"My lord's grace is in the fields?" asked Master Humphrey.
"Yes," she said, and looked away down the Chepe.
Then suddenly she was scornful.
"By faith, thou art very peaceful here!"
"Ay," he answered. "I paint an initial letter."
He showed it to her; already it glittered with wet colors.
"Pride and pleasure," he nodded his head. "Can you think of another meaning, Mistress Sywnford?"
"Passion and pain," she answered, instantly.
At this her three damsels, who were clad severally in russet, tawny, and murry, smiled at one another behind her back.
"Make a rhyme on that," said the painter.
"I am no trouvère."
"Shall I try?" He laid down his brush and folded his arms on the parchments.
"Passion and pain be hard to fight
My beauty gives me no delight
Nor pomp of ribible and clokardè
Of low dowcemere and bombardè
"Ah!" interrupted Katherine Sywnford. "You mean to rhyme on misplaced love—"
She frowned dangerously.
Something about a king's son," answered Master Humphrey, "who had a dark face would have been in that song."
"By charity!" she cried; then she sighed. "A king's son!"
"The Duke's Grace of Lancaster is a son of kings."
"Why do you speak of him?"
"Because he is the most perfect knight I ever knew, and I have made him the hero of many a tale."
She laughed uneasily.
"Johan of Ghent is much praised and much admired. Give you good day, Master Humphrey."
Slowly and with her head held a little droopingly she passed on, and her damsels fingered their hoods and smiled at one another under quiet lids.
Master Humphrey painted in the loop of the P a lady sitting bowed, with braided hair and embroidered robe, and behind her a background of dark blue sprinkled with stars.
And while he was finishing this a company came back through the Chepe toward the Savoy.
First on a white horse with scarlet trappings rode Johan of Ghent and Lancaster, and the common people stopped under the eaves and in the gutter to watch him pass.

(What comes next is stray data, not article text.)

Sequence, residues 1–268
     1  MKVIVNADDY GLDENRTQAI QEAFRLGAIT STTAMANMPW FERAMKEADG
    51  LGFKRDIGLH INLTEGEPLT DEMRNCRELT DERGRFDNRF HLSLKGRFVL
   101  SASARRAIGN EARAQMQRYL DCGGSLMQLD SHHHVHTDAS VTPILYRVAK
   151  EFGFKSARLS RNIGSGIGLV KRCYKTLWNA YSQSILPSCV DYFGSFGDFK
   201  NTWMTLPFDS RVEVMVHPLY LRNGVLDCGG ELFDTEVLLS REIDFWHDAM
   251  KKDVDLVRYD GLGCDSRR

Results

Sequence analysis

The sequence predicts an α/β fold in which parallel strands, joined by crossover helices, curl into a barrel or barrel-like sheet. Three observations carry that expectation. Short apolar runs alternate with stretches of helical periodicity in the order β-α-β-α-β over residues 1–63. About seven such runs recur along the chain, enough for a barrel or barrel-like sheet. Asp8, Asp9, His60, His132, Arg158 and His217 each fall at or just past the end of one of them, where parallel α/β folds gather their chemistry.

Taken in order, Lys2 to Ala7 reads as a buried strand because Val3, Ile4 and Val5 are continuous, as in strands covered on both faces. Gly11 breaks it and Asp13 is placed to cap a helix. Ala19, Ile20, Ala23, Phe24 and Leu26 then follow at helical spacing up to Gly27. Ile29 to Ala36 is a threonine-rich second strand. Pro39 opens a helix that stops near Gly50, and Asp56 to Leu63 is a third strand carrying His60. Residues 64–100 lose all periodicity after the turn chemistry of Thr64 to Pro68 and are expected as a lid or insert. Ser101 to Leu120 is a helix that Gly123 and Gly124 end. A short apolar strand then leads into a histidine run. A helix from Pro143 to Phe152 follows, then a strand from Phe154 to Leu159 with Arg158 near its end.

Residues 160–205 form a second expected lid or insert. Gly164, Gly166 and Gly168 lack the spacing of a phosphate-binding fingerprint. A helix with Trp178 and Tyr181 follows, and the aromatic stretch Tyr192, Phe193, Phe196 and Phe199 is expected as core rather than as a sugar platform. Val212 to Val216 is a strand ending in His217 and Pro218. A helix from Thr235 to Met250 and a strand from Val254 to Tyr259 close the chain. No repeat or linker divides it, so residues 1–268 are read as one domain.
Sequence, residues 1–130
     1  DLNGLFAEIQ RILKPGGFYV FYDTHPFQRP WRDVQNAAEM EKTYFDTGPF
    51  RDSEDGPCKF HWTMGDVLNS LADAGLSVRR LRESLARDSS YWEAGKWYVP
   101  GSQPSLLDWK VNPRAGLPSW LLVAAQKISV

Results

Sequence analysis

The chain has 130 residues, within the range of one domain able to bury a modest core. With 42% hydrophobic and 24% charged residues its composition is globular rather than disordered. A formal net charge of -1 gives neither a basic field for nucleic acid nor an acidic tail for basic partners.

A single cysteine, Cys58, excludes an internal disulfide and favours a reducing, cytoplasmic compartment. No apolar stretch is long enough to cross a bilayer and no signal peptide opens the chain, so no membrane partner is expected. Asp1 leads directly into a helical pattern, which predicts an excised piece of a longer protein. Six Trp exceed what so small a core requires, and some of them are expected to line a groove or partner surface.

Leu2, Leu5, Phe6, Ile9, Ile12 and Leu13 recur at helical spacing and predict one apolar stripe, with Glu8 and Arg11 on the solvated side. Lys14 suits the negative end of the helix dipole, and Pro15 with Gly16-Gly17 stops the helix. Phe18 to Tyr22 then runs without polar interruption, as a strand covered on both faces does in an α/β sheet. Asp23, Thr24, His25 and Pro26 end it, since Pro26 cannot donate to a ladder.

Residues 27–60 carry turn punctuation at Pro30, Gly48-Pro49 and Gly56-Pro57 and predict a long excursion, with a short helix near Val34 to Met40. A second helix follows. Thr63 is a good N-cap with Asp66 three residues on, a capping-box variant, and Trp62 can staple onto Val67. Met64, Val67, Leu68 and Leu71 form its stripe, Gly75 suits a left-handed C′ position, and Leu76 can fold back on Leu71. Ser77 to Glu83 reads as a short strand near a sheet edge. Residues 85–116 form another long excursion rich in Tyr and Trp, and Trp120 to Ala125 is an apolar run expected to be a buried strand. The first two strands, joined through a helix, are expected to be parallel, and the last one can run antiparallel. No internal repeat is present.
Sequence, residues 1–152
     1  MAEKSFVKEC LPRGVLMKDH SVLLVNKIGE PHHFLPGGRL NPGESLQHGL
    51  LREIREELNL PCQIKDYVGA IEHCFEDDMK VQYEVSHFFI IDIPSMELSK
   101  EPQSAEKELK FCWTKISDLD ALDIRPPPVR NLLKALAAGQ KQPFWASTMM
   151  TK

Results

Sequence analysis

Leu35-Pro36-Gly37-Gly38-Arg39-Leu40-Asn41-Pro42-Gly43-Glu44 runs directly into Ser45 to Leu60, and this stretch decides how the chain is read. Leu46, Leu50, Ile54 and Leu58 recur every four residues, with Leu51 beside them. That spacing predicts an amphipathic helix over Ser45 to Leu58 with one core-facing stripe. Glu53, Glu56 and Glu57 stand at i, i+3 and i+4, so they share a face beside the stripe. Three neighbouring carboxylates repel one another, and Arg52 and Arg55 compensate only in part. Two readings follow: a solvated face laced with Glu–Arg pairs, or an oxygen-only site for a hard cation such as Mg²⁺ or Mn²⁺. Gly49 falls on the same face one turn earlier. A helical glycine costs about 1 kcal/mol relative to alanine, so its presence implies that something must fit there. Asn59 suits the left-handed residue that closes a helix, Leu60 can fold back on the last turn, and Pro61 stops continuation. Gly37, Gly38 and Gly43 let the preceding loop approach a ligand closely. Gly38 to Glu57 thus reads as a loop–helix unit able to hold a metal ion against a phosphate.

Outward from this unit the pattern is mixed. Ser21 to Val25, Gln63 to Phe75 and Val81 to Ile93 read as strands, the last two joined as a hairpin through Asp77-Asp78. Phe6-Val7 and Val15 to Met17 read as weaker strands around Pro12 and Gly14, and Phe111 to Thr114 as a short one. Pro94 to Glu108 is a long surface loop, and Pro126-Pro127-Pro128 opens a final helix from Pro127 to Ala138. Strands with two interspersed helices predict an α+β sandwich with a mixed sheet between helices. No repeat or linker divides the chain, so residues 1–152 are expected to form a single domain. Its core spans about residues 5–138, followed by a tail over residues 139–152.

He wore a furred robe of gold-colored silk, a deep rose coif over his dark hair, and gloves sparkling with jewels on the back.
Beside him was the Duchess Blanche, delicate with gold locks glimmering in a net; riding a white palfrey.
They talked together very lovingly.
After came knights and squires, pages and serving-men, among them Sir Otto Sywnford whittling a rose stick.
Then Katherine and Phillipa walking slowly, the elder with her eyes on her mistress showing pale and lovely through the press, and her sister with a half-smile for Jeffray Chaucer's joyous glance as he looked over his shoulder at her petulant beauty.
Most of his company carried flowers that they had picked without the ramparts—narcissi, daffodils, cowslips, hawthorn, wild roses, eglantine, and the marguerite.
Master Humphrey looked at Johan of Ghent.
"Power would be the meaning ye would set to this," he said to himself, and his thoughts shook into rhyme as he watched the procession pass.
"Power of life and death I hold,
Of love too, I wis, and such fair things
Well may I be proud and bold
Favourite of God and heir of Kings.
Beauty and strength adorn me like fine gold.
And while the sword on my bright greaves rings
I do not think I ever can grow old.
Oh Gesu and Phœbus, these English Springs
When the sun 'gins tO' shine across the wold!"
And so they passed. And it fell very still, for it was midday.
The painter looked at his unfinished letter.
"My own meaning now," he said.
He drew a splendid knight riding away across the page with a pennon in his hand, and then above the letter over all an angel hooded and meek.
With that finished, he wrote with his reed pen dipped in brown:
"Peace comes to alle, after alle,
Longe toyle, short stryfe or strong sea.
Peace to them that ryse and them that falle,
Either in joje or miserie.
Peace at laste, beyonde ye kindly starres
Where Gode He smyles and waytes,
Looking on alle oure revelryes and warres
Short joys, sade loves and M^eary hates,
Peace for alle; after most stormy daye.
Cometh Peace which lasteth for alwaye."